According to yesterday’s news (see here for an article from the National Post), the government of New Brunswick will be asking the Supreme Court of Canada to look into the status of its language laws as it appeals the decision of its appellate court upholding the decision of a provincial judge who excluded breath-sample evidence of a suspected impaired driver pursuant to s. 24(2) of the Canadian Charter of Human Rights and Freedoms because his language rights had been violated (see R. v. Losier, 2011 NBCA 102 (CanLII)). Indeed, in that case, a police officer only offered the suspected impaired driver the right to be served in French thirty minutes into his detention, which was found to be contrary to the province’s language laws. A similar defence has been raised in a number of New Brunswick cases already. The province seeks a decision on whether or not a Charter remedy can be used for the breach of a provincial law, in this case, New Brunswick’s Official Languages Act.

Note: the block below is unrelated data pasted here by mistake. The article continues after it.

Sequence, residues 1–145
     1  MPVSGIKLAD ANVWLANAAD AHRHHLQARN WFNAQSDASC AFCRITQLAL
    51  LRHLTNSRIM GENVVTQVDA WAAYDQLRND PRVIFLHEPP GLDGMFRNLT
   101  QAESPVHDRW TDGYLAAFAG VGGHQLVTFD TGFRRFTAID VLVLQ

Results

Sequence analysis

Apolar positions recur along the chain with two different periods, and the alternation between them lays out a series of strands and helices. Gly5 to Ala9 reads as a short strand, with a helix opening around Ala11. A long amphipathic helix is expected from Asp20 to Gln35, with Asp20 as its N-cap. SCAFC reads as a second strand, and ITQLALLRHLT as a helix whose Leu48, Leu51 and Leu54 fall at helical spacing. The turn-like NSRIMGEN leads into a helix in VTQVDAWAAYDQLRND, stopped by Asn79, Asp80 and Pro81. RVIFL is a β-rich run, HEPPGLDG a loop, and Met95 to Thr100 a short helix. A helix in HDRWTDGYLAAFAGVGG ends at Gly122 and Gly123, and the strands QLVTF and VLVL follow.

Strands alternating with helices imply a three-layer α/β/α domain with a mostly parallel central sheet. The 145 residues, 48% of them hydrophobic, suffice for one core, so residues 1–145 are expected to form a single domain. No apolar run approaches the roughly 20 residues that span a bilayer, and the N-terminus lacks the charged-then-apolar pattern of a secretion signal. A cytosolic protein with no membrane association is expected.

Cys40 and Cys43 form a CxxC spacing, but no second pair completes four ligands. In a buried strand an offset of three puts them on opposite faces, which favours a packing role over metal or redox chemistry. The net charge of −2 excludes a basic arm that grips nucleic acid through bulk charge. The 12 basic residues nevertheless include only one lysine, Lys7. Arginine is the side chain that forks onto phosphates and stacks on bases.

Living and working in a province in which language rights are an extremely sensitive topic, this news is particularly interesting considering the impact any Supreme Court decision could have on language rights in Canada. Should the Supreme Court accept to hear this appeal, it looks like it will ultimately be asked to weigh in on the appropriate balance between the protection of language rights and the protection of the public.